I shall assume you live in the States. That is simply because that is where the epicenter of problems were in the 1980s with the Dalkon Shield. There were many styles and shapes and constituent additive IUDs about thirty years ago and one, the Shield, turned out to cause many problems. It seems that the U.S. market has yet to recover. In the U.S., there are two manufacturers; in Europe, over a dozen; in China, the IUD is the leading contraceptive for women in their twenties.
Both U.S. IUDs are the traditional T shape whilst in Europe they are available in a number of different shapes. The "one-size-fits-all" approach to IUDs is being seriously questioned. Some of our uterus are not a standard shape; some of us are tilted a bit. This makes the IUD more difficult to adjust to because the crossbar may irritate the side walls of the uterus. Alternative shapes compensate for this. A Belgian doctor has recently developed an IUD that attaches to the uterine wall and eliminates this problem completely. It is simply an attachment "hook" with a short string with a few copper balls on this string. It adjusts to any uterus shape. It is now available in most European countries and Canada. I do not know where else but have heard reports of American women going to a clinic in Vancouver for the GyneFix.
In the U.S., one of the products is coated with copper and the other with hormone (progestins, mostly). In the rest of the world, these two alternatives are available but women can also get uncoated IUDs. The advantage is that the uncoated ones last "forever." Hormone coated are recommended, usually, for five years and copper, seven years.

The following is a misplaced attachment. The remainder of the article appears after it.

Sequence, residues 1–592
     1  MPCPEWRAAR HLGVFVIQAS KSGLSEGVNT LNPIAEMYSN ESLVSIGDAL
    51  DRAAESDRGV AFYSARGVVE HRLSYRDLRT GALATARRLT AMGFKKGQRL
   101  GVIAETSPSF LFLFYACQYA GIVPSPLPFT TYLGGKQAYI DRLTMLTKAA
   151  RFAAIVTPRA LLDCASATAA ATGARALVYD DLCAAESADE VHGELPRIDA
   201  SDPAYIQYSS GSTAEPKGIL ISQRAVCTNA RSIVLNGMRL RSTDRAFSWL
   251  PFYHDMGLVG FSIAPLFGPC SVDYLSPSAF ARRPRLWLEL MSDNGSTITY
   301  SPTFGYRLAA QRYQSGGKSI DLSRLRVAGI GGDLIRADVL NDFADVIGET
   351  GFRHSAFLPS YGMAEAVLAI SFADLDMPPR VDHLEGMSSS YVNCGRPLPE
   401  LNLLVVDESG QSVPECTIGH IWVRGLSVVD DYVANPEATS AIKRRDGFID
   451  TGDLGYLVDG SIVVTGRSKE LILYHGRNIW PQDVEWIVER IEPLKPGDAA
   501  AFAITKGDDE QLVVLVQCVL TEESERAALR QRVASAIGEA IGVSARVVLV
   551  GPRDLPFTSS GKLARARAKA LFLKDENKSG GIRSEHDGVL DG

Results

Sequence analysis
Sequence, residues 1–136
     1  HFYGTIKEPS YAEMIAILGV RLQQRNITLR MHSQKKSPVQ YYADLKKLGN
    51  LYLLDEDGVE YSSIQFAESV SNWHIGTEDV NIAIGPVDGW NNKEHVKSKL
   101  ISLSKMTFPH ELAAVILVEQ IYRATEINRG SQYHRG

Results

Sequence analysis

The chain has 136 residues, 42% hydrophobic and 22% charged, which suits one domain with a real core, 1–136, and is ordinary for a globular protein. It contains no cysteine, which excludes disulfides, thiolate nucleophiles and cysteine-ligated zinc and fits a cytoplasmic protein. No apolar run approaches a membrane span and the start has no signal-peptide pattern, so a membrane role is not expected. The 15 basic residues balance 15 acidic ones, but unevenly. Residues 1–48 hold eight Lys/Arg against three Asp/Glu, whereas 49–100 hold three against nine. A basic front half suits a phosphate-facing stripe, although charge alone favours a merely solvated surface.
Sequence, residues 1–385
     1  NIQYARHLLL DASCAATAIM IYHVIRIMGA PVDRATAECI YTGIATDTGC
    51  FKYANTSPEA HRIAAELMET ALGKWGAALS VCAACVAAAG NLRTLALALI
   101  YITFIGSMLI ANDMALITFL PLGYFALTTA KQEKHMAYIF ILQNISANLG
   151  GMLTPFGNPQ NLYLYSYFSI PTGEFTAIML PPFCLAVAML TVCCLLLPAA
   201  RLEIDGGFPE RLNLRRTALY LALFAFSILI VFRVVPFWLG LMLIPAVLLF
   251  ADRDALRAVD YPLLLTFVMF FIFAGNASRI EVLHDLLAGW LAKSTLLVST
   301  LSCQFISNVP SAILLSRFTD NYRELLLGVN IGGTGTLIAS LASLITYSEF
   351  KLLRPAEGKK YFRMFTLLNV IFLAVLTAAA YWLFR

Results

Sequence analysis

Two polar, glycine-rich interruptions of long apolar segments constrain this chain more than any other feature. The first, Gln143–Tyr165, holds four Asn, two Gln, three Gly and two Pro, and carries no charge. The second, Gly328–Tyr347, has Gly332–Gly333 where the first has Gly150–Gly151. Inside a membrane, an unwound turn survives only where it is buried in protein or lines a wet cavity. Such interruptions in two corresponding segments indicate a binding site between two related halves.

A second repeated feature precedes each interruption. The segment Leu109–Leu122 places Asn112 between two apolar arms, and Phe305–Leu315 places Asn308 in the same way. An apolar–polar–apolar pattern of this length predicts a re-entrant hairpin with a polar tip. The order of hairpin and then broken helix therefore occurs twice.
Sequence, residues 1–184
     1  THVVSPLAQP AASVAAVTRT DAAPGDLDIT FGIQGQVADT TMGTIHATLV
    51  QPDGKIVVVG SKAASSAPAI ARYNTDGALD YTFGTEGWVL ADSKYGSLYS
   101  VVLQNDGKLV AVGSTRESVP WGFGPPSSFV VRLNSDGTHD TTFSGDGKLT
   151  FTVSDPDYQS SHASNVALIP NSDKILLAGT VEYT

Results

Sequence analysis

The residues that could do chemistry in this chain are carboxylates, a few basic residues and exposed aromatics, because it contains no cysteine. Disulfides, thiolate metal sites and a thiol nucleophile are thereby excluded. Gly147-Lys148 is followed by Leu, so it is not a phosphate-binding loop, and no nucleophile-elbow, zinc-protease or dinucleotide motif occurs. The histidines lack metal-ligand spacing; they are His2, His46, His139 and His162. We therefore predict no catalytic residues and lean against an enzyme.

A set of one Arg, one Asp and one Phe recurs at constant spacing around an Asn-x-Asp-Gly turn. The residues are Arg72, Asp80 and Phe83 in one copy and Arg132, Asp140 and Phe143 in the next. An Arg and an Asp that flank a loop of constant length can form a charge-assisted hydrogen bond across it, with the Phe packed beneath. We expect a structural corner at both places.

The IUD is as old as most techniques and it was common on the island of Taiwan for mid-wives to place pebbles in the uterus 1000 years ago. There reasons to believe that this practice spread Westward from there. The modern iteration arrived in 1960, the same as the pill, and initially had about the same acceptance. The effectiveness is the same as the pill and the side effects much less than the original pills. Over 95% of women acclimate to the IUD within three months and the incidence of perforation and/or infection is less than 2%.
I understand there are many horror stories "on the street" but few have any basis in fact. The Dalkon Shield was limited in distribution to the U.S., so the marketing effects were greater there. The rest is urban myth and a really good contraception system is being ignored by many who would find it acceptable.
IUDs suffer a bad rap.
Posted: 30 Sep 03:58